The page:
Mixed microbial cultures of methane-utilizing bacteria or methanotrophs, a group of bacteria metabolize methane as their sole carbon and energy source, has a robust and self-regulating nature (Morgan-Sagastume et al. 2010), and offers opportunity to operate under non-aseptic conditions, thereby reducing operating costs of large-scale production (Dias et al. 2006). Under nutrient-limiting conditions (i.e., nitrogen), methanotrophs can convert methane to poly(3-hydroxybutyrate) (PHB), the most common type of PHA naturally produced in microorganisms (Pfluger et al. 2011). PHB is an attractive biopolymer and has comparable properties to conventional polymer (i.e., polypropylene) (Tan et al. 2014); however, it has not made a significant impact in the market because of its narrow melt processing window, high crystallinity, and lack of flexibility (Laycock et al. 2014). One common approach to make PHB with more desirable properties is to incorporate 3-hydroxyvalerate (3HV) into the polymer chain (Laycock et al. 2013), so called poly(3-hydroxybutyrate-co-3-hydroxyvalerate) (PHBV), which has higher impact strength and flexibility (Sudesh et al. 2000).
The feasibility of PHB and PHBV production in methanotrophic mixed microbial cultures was firstly reported by Myung et al. (2015). The culture dominated by Methylocystis sp., one of the most well-known genera of PHA-producing methanotrophs (Pfluger et al. 2011), was shown to produce PHB solely from methane and only produce PHBV when methane was fed with valerate (Myung et al. 2015). Similar approach was further studied in methanotrophic pure cultures of Methylocystis and Methylosinus sp., but this time with focus on PHA accumulation in both presence and absence of methane (Myung et al. 2016, 2017). In all tested conditions, there is no evidence of either PHB or PHBV synthesis when no methane is available (Myung et al. 2016). Therefore, this led to a conclusion that the methanotrophic utilization of odd-chain fatty acids for PHBV production requires reducing power generated from methane oxidation to produce and/or incorporate 3HV units into the polymer (Myung et al. 2016). However, it should be noted that no study has been done in methanotrophic mixed microbial culture to test its PHA capacity when methane is absent.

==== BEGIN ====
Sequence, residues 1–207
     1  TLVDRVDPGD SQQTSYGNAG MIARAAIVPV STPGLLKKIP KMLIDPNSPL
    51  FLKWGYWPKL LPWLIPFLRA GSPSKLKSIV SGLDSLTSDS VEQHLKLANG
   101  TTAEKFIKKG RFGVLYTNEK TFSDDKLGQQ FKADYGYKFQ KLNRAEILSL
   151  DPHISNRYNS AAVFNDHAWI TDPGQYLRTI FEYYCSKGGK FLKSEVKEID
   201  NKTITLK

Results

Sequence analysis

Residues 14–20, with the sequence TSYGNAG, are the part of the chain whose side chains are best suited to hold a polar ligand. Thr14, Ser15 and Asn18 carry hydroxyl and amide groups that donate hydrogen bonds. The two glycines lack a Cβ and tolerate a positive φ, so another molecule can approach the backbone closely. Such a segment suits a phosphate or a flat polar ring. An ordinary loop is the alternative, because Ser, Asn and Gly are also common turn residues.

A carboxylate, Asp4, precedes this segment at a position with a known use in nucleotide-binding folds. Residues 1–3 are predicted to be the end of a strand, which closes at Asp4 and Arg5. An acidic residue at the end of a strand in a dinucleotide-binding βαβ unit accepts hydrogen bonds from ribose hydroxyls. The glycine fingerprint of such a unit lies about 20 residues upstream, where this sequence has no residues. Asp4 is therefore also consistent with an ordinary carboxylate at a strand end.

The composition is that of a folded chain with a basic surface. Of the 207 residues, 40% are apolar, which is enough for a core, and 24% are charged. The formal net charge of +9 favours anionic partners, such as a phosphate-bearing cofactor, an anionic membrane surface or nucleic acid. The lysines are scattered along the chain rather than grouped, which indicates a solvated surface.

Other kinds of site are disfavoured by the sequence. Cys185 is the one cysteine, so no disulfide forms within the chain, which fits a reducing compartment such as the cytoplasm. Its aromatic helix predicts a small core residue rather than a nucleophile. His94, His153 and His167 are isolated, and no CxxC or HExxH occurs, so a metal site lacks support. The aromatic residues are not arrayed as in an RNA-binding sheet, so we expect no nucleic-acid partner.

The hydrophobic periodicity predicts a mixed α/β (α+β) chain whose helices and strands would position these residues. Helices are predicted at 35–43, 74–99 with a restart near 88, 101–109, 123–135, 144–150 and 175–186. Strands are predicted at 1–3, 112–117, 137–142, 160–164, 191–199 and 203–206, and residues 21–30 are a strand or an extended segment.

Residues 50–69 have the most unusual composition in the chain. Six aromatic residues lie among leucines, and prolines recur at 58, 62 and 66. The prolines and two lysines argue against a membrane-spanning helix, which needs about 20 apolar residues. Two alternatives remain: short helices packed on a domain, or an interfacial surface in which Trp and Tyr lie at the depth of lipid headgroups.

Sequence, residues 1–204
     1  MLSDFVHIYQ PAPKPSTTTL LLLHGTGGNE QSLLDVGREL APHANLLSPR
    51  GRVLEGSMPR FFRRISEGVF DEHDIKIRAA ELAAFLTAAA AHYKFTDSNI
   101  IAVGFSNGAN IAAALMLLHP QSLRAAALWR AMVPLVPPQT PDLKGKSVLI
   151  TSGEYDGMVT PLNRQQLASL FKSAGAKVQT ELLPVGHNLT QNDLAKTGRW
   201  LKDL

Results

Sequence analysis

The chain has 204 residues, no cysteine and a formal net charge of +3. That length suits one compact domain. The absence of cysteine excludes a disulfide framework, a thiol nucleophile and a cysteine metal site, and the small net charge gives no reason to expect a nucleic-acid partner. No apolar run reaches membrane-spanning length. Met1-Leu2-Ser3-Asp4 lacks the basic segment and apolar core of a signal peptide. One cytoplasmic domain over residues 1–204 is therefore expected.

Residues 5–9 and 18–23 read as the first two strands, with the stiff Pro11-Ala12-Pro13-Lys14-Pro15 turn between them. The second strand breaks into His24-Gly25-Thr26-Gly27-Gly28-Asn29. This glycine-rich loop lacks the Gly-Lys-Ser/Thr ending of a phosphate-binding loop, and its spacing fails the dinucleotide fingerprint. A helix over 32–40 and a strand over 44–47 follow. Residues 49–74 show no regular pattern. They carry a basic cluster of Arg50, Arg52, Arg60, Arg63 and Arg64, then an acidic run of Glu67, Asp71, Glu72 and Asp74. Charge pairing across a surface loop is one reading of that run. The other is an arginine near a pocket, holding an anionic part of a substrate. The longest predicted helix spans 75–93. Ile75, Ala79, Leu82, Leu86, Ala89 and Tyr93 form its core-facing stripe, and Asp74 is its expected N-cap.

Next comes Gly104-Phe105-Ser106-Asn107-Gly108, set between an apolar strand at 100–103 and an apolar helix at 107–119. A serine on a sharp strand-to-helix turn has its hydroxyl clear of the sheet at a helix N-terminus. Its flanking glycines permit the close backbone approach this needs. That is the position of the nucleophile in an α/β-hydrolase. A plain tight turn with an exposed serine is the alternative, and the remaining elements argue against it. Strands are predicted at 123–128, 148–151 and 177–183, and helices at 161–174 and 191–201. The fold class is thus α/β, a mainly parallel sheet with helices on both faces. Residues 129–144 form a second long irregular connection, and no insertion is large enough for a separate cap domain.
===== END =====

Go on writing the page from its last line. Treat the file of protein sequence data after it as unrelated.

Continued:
Methanotrophic metabolism of PHA has been known to link to the supply of reducing power (Pieja et al. 2011b). It was proposed that PHA functions as a sink of reducing equivalents that can be used to drive cometabolic oxidation (Beccari et al. 1998; Beun et al. 2002; Dionisi et al. 2005; Çığgın et al. 2007; Ratcliff et al. 2008). For example, PHB-containing methanotrophs showed capacity to transform trichloroethylene (TCE) in the absence of methane (Henry and Grbic-Galic 1991; Henrysson and McCarty 1993; Fitch et al. 1996). Therefore, in this present work, we evaluated PHB and PHBV production in our methanotroph-dominated mixed culture enriched from environmental samples in both presence and absence of methane with combinations of odd-fatty acids (propionic acid and valeric acid). One feature of the work is to consider the potential of stored PHA to support 3HB and 3HV generation, enabling PHBV accumulation in the absence of CH4.